Elvino S. Sousa

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Traditionally, the frequency spectrum is licensed to users by government agencies in a rigid manner where the licensee has the exclusive right to access the allocated band. Therefore, licensees are protected from any interference all the time. From a practical standpoint, however, an unlicensed (secondary) user may share a frequency band with its licensed(More)
ln this paper, we obtain the optimum transmission ranges to maximize throughput for a direct-sequence spread-spectrum multihop packet radio network. In the analysis, we model the network selfinterference as a random variahle which is equal to the sum of the interference power of all other terminals plus hackground noise. The model is applicable to other(More)
Spectrum scarcity is becoming a major issue for service providers interested in either deploying new services or enhancing the capacity for existing applications. On the other hand, recent measurements suggest that many portions of the licensed (primary) spectrum remain unused for significant periods of time. This has led the regulatory bodies to consider(More)
The increasing demand for the radio spectrum along with the inefficient usage of the licensed bands has led the regulatory bodies to consider opening up the under-utilized licensed frequency bands for dynamic access by unlicensed users. Such dynamic spectrum access is envisioned to resolve the spectrum scarcity by allowing unlicensed users to(More)
Opportunistic unlicensed access to the (temporarily) unused frequency bands across the licensed radio spectrum is currently being investigated as a means to increase the efficiency of spectrum usage. Such opportunistic access calls for implementation of safeguards so that ongoing licensed operations are not compromised. Among different candidates,(More)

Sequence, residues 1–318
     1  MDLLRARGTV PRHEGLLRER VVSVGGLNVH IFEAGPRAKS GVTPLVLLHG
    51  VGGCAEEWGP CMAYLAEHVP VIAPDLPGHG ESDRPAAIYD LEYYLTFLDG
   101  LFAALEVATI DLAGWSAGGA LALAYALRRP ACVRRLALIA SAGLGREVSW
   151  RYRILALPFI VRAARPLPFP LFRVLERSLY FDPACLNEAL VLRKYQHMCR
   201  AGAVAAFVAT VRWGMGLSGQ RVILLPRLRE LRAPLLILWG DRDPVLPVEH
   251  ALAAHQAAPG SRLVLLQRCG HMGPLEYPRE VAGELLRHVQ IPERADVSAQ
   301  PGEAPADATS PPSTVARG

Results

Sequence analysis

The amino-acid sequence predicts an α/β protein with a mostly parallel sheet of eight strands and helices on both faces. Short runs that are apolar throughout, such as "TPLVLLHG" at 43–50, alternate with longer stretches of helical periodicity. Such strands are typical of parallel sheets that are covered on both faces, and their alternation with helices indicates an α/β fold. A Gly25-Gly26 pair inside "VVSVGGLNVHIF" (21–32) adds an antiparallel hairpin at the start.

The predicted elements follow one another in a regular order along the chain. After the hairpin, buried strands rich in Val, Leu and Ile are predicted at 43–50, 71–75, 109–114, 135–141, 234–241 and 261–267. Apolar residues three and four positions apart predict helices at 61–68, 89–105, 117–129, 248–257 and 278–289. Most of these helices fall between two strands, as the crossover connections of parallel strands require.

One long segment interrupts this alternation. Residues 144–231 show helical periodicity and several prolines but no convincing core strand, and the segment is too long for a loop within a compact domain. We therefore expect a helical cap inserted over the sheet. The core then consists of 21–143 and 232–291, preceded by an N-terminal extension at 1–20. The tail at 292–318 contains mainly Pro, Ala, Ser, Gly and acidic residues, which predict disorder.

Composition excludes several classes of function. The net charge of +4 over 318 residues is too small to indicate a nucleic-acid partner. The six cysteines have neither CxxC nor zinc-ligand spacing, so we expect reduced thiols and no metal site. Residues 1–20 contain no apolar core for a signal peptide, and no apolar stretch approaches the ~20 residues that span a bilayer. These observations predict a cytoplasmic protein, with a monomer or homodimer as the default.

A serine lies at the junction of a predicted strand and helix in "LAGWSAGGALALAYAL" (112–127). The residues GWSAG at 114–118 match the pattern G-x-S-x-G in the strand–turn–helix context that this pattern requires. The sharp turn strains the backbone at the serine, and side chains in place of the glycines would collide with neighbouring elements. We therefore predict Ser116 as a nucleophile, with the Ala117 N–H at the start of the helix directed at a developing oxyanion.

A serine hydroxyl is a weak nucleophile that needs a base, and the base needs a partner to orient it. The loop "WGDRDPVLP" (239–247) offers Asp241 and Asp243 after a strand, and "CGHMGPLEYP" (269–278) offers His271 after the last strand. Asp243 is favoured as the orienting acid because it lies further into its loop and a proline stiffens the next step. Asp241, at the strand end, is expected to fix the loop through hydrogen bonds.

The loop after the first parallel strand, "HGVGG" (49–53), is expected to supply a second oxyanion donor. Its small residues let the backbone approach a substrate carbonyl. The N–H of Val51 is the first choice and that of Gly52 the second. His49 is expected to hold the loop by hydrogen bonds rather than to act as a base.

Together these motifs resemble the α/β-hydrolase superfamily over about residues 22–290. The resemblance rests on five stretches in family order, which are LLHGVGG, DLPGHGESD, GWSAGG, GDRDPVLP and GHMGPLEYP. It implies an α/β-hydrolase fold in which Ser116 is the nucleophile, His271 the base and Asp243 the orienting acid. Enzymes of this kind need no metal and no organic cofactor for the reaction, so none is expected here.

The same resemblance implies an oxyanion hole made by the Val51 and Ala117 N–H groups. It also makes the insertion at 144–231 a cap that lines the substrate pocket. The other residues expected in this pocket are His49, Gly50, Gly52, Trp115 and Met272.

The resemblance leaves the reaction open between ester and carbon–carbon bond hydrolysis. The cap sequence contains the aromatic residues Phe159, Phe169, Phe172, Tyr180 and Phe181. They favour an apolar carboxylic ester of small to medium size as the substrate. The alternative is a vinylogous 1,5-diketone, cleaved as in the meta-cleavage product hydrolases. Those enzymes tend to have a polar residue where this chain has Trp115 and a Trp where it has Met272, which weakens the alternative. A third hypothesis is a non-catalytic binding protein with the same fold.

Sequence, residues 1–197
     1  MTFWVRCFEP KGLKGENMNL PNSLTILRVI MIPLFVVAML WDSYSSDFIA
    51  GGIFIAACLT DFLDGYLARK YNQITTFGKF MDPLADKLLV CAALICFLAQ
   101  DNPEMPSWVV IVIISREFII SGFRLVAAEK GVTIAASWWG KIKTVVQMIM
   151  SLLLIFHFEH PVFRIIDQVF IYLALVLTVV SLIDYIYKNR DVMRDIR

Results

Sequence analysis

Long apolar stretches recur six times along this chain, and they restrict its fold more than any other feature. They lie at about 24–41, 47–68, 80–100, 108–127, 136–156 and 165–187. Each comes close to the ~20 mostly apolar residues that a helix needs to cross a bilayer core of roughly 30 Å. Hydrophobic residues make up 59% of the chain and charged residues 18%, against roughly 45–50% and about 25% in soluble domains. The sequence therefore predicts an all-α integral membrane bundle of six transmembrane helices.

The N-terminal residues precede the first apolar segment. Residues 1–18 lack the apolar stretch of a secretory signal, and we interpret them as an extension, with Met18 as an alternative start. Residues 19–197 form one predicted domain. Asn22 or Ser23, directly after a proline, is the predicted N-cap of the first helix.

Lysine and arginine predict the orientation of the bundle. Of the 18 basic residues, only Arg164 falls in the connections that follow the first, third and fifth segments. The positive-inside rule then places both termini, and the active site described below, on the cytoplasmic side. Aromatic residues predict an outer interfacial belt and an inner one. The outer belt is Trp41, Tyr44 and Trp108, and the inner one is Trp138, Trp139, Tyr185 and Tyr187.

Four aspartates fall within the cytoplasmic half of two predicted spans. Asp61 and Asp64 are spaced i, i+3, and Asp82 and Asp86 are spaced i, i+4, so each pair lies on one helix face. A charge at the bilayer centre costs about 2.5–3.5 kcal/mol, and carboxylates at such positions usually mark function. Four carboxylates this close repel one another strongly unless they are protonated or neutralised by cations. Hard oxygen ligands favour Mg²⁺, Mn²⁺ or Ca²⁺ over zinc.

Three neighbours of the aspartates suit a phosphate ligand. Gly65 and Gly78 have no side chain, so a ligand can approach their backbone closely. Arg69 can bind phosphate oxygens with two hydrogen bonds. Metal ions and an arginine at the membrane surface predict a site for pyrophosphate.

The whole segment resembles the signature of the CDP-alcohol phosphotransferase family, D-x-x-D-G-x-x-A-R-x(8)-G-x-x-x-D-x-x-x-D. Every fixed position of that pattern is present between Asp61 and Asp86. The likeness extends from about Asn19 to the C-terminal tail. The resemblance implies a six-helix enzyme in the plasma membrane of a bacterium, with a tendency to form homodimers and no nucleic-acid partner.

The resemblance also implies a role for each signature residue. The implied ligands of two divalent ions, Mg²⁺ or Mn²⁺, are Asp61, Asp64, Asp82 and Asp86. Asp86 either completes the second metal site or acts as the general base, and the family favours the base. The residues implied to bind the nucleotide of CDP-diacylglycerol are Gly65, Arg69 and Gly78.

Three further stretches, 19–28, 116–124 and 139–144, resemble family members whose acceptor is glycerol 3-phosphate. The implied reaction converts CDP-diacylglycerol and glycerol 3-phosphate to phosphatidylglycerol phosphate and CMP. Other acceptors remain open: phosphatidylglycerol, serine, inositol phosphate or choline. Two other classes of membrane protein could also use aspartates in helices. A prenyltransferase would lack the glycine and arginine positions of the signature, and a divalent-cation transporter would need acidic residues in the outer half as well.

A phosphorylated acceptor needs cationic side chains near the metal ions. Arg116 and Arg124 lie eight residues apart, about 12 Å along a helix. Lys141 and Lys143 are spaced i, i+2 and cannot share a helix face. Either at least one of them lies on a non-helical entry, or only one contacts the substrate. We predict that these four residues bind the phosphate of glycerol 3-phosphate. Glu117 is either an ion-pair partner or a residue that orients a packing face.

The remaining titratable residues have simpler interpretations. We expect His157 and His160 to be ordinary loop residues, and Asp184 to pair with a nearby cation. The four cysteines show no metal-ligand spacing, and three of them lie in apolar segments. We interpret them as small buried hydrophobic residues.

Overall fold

Motivated by the low utilization of the licensed spectrum across many frequency bands, sensing-based opportunistic spectrum access has recently emerged as an alternative to the outdated exclusive spectrum access policy. Under this new paradigm, a secondary (unlicensed) user monitors a primary (licensed) frequency band for a given time and opportunistically(More)
We propose a multi-carrier orthogonal CDMA signaling scheme for a multiple-access communication system, such as the reverse channel of a cellular network, as an alternative to the multiuser interference cancellation approach. The average variance of cross-correlations between sequences is used as a measure for sequence design. We search for sets of(More)
Collaborative spectrum sensing enables opportunistic unlicensed access to the unused portions of the licensed spectrum. We characterize the performance degradation of collaborative sensing due to correlated shadowing by deriving a lower-bound on the probability of missing the opportunities for unlicensed access. Moreover, we evaluate the effective number of(More)